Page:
August 19, 2013

Gaming in Stereo: The Twilight Adventure

 

Do not worry, there are no sparkling vampires here; though there is one of the greatest 3D Zelda titles on display. The Legend of Zelda: Twilight Princess is considered one of the best, if not the best (though up for debate) 3D Zelda title. Originally designed to be a GameCube title, the release date was pushed back to make the game a Wii launch title, though there was a GameCube version launched almost a month after the Wii counterpart. Twilight Princess had a darker tone and visual representation than the previous entry in the series, The Wind Waker. Twilight Princess also received a Teen (T) rating from the ESRB, the first in Zelda history. Though despite the darker tones and atmosphere, the game was a blast to play and featured epic dungeon bosses. The Twilit Dragon (Argorok) is one of my most memorable boss fights in a Zelda title. The use of the dual clawshots, the setting on top of a huge spire, the wind, the rain; it felt like it was ripped out of Shadow of the Colossus, and it was epic. I am currently on my second playthrough of Twilight Princess, finally finishing my own personal copy. I am now up to the City in the Sky after putting 8+ hours on Saturday into my most recent game save. The only downside to Twilight Princess is the music was created through MIDI instead of a live orchestra, well we can fix that. Today we will be looking at the Twilight Princess arrangement that was featured on the Legend of Zelda 25th anniversary CD. The track may clock in at just over 10 minutes, but is thoroughly enjoyable from start to finish. The Legend of Zelda: Twilight Princess remains the 3rd best review game in the Wii’s review history (according to Game Rankings) and the second best selling Zelda title and only outsold by the illustrious Ocarina of Time.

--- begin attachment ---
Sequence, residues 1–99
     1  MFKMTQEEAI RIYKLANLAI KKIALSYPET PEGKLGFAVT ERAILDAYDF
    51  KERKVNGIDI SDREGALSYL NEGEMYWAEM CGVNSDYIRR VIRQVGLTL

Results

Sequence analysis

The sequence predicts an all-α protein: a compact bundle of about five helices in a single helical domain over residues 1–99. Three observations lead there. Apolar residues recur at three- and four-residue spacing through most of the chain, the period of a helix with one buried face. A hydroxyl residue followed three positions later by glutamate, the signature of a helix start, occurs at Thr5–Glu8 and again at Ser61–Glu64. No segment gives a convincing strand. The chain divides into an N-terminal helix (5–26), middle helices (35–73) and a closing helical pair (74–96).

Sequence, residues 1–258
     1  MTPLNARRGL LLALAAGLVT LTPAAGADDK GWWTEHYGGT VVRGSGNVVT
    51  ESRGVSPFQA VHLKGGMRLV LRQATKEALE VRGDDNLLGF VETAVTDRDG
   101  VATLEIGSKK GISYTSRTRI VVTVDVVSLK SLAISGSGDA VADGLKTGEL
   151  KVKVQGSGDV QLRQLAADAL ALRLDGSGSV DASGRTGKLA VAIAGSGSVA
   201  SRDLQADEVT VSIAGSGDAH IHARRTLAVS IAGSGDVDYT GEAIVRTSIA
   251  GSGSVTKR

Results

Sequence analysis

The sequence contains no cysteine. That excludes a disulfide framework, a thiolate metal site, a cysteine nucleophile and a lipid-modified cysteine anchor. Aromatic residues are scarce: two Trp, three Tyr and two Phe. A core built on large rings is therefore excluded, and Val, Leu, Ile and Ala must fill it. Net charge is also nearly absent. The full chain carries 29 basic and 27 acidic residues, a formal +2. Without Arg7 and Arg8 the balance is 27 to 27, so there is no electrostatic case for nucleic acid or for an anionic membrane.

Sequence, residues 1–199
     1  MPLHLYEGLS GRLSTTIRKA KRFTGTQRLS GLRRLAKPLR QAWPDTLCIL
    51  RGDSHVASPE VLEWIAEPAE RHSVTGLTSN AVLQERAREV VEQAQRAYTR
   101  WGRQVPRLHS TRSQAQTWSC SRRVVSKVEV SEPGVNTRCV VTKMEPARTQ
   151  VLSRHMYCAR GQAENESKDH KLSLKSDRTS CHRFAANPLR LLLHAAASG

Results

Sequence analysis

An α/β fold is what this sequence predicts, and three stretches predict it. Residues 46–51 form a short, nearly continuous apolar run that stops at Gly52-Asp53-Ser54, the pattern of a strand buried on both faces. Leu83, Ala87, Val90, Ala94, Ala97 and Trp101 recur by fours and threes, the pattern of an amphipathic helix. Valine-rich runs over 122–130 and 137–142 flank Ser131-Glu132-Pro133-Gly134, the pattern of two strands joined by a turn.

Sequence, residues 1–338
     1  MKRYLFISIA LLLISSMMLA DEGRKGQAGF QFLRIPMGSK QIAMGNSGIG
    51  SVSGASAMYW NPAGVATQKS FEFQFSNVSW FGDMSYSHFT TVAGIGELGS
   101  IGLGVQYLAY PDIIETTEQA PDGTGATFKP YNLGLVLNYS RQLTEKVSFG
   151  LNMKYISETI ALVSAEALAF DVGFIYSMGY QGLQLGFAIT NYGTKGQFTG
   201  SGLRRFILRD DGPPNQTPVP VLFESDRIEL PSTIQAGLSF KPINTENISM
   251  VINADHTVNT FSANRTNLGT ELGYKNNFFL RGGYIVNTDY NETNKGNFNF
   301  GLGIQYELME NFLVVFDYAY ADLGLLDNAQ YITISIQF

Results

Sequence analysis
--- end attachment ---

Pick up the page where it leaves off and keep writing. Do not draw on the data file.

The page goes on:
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Twilight Princess Symphonic Movement – original music composed by Koji Kondo, Asuka Ota, and Toru Minegishi.

This is by far the longest track I think I have posted. Clocking in at just over 10 minutes, it arranges various themes found throughout Twilight Princess. The track ranges from soft tones (opening to about the 3:08 mark) to dramatic marches (6:40 mark) and includes very familiar themes as well ( 3:08 and 9:44 marks). The movement feels like a 10 recap of Twilight Princess, a peek into the wonderful world of Hyrule which has been invaded by darkness. The ending of the track (9:53 mark) is a beautiful tribute. The orchestration of the pieces really does them justice; since Skyward Sword was released with a soundtrack performed with an orchestra, hopefully from here on out, every Zelda title will follow. Enjoy the beautiful journey through Twilight Princess’s musical themes.

 

Bonus track – Hyrule Field Main Theme

This is theme from the Hyrule Field over world and it is in it’s original format. This track is from the digitally constructed soundtrack, and parts of this track can be heard at the (3:11 mark) in the previous track. You can now hear a distinct difference in the tracks despite them being well composed. Nintendo has a knack for creating beautiful games and soundtracks, hopefully they are given the live orchestrated treatment.

 

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